(Food Network Magazine, Fall 2006)

On a typical fall Saturday when the Pennsylvania State University football team is playing at home, 80,000 fans will come to tailgate: eating and hanging out near their vehicles in the parking lot before the game. Most will bring gas or charcoal grills. For last year’s alumni weekend game, restaurant owner Scott Snider and deli owner Ken Bond also brought sand.

The friends needed it for the Hawaiian-luau-themed retreat they created around their R.V. They assembled a faux beach and a pool and served tropical blue cocktails to reflect the team colors, blue and white. At other games, the two have set up a mini-discotheque with a floor that lights up, carted in a propane-heated hot tub, and made a blue and white meal featuring hotdogs and bread dyed blue.

This new breed of pre-game picnicker arrives three to four hours before the event in cars painted in team colors and unpacks stereos and sometimes karaoke machines along with full-size grills. After the game, they post photos and recipes to their tailgating Web sites.

It’s no wonder 40 percent of tailgaters never even make it out of the parking lot, according to John Largent, president of the San Antonio-based American Tailgaters Association (ATA). Watching the day’s event on the big-screen TV they brought can be just as much fun.

Thirty-six million people tailgated at least once in 2005, according to the ATA. About half of these tailgated six to 10 times that year. Football games and NASCAR races draw most tailgaters, though fans also feast at horseracing tracks and before concerts. Even the Santa Fe Opera’s parking lot hosts diners before performances—many wearing black-tie, of course.

Tailgaters’ numbers are increasing as fans of more sports, like professional lacrosse and high school football, make eating in the parking lot their pre-game ritual, too. Most pro leagues and colleges promote tailgating, often by sponsoring cook-off contests, because it generates team loyalty. One exception is major league baseball; its food vendors’ rights to sell hotdogs extend out into the parking lots, and they discourage fans from bringing their own.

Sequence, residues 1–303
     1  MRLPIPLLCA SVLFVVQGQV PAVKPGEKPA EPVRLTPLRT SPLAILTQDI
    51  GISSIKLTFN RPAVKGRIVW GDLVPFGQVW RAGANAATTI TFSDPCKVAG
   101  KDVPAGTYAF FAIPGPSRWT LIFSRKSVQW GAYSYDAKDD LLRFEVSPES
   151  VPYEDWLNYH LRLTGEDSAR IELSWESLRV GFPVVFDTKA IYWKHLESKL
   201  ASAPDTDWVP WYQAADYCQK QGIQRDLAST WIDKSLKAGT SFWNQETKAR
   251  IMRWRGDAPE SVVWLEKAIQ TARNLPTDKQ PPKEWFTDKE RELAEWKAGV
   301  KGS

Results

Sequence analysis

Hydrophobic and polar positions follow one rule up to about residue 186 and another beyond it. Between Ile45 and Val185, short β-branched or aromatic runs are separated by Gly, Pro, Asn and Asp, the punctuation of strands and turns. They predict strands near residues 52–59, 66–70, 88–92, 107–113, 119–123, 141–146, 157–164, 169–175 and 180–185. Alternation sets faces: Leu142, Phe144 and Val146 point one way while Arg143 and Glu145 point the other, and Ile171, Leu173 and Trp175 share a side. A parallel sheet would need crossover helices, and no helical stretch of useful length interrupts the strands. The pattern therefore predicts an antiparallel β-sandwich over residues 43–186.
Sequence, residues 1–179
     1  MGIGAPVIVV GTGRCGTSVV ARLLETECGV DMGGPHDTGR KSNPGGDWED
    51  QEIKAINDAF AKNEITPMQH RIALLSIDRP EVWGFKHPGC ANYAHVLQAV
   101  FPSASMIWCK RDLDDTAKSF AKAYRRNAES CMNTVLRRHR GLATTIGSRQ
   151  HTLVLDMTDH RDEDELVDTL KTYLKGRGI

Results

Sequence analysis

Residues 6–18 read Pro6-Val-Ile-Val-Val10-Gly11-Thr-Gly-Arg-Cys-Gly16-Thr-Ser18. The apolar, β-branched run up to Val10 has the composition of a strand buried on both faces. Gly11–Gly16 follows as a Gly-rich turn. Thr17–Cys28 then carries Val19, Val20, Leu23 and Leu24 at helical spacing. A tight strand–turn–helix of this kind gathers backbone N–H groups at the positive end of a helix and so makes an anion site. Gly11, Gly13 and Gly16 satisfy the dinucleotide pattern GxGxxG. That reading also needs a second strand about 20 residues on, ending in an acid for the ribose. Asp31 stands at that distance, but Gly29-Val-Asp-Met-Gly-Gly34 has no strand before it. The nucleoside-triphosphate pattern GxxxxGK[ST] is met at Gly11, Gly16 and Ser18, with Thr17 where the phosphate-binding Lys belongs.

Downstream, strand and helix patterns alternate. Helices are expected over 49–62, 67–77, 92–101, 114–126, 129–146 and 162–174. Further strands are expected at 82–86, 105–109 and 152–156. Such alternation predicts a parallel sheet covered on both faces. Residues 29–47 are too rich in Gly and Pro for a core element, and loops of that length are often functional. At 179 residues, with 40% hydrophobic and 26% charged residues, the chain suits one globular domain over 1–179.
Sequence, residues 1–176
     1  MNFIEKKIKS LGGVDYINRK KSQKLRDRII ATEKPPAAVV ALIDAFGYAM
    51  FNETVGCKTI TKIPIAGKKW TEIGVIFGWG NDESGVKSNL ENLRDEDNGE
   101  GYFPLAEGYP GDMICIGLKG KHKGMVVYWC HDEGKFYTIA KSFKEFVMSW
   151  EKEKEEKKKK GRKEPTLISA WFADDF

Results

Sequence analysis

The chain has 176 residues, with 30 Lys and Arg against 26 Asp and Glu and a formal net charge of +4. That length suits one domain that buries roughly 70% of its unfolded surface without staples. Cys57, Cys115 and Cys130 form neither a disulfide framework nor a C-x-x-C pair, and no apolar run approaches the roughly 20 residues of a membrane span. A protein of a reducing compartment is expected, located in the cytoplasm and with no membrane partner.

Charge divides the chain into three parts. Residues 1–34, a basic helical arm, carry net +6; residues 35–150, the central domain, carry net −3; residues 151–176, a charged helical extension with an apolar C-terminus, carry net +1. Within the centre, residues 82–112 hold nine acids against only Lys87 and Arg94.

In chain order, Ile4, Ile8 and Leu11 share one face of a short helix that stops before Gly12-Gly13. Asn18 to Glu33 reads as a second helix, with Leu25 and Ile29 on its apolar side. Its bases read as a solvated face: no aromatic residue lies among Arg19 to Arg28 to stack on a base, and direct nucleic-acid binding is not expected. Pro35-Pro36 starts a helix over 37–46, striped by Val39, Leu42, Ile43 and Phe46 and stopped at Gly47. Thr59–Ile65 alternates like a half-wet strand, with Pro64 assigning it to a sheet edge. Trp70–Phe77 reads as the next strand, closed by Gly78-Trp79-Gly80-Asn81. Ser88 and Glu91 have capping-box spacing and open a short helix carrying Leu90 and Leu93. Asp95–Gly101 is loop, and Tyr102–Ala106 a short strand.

Curiously, there was tailgating before there were tailgates. In the mid-1800s, cooks dished out stew from the backs of chuckwagons to cowboys on the cattle trails. Students ate next to their horse-and-buggies before the first college football game, between Rutgers and Princeton, in 1869. When the Ford Motor Co. introduced the 1927 Model A Station Wagon, sports fans used its fold-down tailgate, the first of its kind, as a table and attached the name to their pre-game picnicking. Now, vehicles come with “tailgating features,” such as electrical outlets at the back.

What’s usually on the menu? It depends on where you park your truck. Regional cuisine shares cooler space with the ever-popular burgers and bratwurst, so you’ll find swordfish in California, bison in Montana, and gumbo in Louisiana.

With such ambitious food, it takes a well-oiled operation to be a 21st-century tailgater. Tim Gill, general manager of Stocker Chevrolet in State College, Pa., and his wife have cooked creative meals before Penn State football games for almost eight years, ranging from lobster to grouper and deep-fried turkeys for a game close to Thanksgiving. Once they brought a chocolate fountain.

“We have it down to a science,” says Mr. Gill. The Gills have a van they use only for tailgating in which they store their two grills, along with other necessities like a 10-by-18-foot canopy and tables. They pick a menu on Monday, shop for food on Wednesday, get more food delivered to Mr. Gill’s workplace on Friday (his boss started their 20- to 100-person tailgating group), and load the food into the van on Friday night. For a 3:30 p.m. kick-off time, they roll into the parking lot at 9 a.m. on Saturday. They wash the dishes on Sunday.

So what makes all the work worth it? “We’ve lost a lot of our socializing opportunities in America,” says ATA’s John Largent. “We used to have more church socials. We used to have less to do. The appeal of tailgating is that it is that last place where you can gather with your friends, coworkers, and college buddies, and reconnect.”